Thursday, February 25, 2016

Crouching Tiger, Hidden Dragon: Sword of Destiny can't escape from the shadows of Ang Lee's 2000 classic (film review)

Does this look like publicity material for a film
shot in English to you?

The Hong Kong advertising for Crouching Tiger, Hidden Dragon:

Crouching Tiger, Hidden Dragon: Sword of Destiny (USA-Mainland China-Hong Kong)
- Yuen Woo Ping, director
- Starring: Michelle Yeoh, Donnie Yen, Harry Shum Jr., Natasha Liu Bordizzo, Jason Scott Lee 

Back in the summer of 2000, I sat down and watched the wuxia work that would go on to win four Oscars, six (Taiwanese) Golden Horse Awards and eight Hong Kong Film Awards, among a number of other honors, in a cinema in Penang, Malaysia.  All told, I ended up watching Crouching Tiger, Hidden Dragon more than 10 (maybe even 20!) times on a big screen -- including in Philadelphia (where I then lived), New York (with the webmaster of Hong Kong Cinema: View from the Brooklyn Bridge), and Los Angeles (with the webmaster of the incomparable Michelle Yeoh Web Theatre).  And after it came out on home video, I watched this Ang Lee masterpiece on a DVD a few times over the years too!

So I think it's fair to say that someone like me would be expected to get pretty excited about the coming into being of a sequel to the impressive epic which introduced many non-Chinese people to the fascinating world of "martial heroes" who include women warriors and "flying" swordmen.  But factors such as it not having Ang Lee at the helm, being scripted by an American writer with not much of a pedigree and being filmed in New Zealand (rather than China, where Wang Du Lu's novels are set) made me leary about this new offering: whose story, set two decades after the events chronicled in the original Crouching Tiger, Hidden Dragon, again features people planning to steal the centuries old Green Destiny sword and Yu Shu Lien (Michelle Yeoh's character) fighting to make sure that it doesn't get into the wrong hands.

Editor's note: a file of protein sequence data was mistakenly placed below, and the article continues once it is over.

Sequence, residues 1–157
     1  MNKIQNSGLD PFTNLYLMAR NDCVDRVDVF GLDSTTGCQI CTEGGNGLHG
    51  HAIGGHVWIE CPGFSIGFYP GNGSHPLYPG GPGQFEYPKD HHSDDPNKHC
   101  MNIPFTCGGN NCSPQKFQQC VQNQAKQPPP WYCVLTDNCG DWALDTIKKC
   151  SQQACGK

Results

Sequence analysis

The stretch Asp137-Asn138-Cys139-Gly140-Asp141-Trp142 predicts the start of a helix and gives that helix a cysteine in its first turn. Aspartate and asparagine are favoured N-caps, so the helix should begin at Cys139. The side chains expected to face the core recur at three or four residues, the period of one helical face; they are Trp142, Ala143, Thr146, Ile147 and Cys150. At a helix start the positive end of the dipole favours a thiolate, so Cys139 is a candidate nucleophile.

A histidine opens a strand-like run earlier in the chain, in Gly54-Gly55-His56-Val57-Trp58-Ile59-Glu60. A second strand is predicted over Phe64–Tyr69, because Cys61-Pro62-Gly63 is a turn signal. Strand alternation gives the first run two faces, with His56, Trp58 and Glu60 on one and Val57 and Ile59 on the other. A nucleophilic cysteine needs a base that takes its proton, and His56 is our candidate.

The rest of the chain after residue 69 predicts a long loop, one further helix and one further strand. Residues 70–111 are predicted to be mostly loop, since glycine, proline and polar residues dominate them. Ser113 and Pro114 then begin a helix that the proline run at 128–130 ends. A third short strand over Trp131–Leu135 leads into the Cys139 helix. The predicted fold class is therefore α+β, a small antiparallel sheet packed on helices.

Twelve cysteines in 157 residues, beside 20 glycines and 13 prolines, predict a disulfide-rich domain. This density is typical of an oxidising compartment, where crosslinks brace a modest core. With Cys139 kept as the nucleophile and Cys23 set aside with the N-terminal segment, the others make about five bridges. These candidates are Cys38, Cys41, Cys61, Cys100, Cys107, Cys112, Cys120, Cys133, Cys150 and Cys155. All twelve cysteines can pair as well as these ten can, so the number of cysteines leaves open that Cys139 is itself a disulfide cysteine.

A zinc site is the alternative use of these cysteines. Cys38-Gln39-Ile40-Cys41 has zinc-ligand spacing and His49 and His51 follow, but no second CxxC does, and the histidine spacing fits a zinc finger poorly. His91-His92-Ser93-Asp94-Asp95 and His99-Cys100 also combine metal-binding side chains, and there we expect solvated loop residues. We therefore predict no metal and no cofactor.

Then there's the matter of Crouching Tiger, Hidden Dragon: Sword of Destiny being shot in English and then being released in Hong Kong theaters with a Cantonese dub that reportedly doesn't include the voices of any cast members even though the likes of Michelle Yeoh and Donnie Yen are fluent in Cantonese as well as English.  (For the record: the movie also has been dubbed into Mandarin for its release in Mainland China, where it had its world premiere.)